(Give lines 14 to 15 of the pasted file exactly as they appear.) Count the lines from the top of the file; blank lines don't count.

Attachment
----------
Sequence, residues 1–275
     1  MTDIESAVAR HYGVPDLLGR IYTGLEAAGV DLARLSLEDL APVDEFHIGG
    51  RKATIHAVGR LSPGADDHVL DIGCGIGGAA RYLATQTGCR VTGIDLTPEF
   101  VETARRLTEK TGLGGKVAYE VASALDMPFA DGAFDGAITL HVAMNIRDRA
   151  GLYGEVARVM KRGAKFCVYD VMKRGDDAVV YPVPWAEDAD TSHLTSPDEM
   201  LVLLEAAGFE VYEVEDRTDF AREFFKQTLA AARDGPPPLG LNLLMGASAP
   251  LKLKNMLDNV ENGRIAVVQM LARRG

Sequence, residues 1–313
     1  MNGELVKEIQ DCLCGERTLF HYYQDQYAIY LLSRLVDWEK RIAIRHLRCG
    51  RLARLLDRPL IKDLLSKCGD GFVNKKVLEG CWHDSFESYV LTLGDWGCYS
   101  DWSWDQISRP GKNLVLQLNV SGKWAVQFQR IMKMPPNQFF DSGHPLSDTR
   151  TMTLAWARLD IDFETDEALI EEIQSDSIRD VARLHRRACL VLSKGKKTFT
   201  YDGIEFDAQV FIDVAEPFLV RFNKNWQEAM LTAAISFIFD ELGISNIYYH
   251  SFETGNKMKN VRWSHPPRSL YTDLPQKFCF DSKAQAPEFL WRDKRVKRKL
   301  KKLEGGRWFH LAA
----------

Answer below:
   251  SFETGNKMKN VRWSHPPRSL YTDLPQKFCF DSKAQAPEFL WRDKRVKRKL
   301  KKLEGGRWFH LAA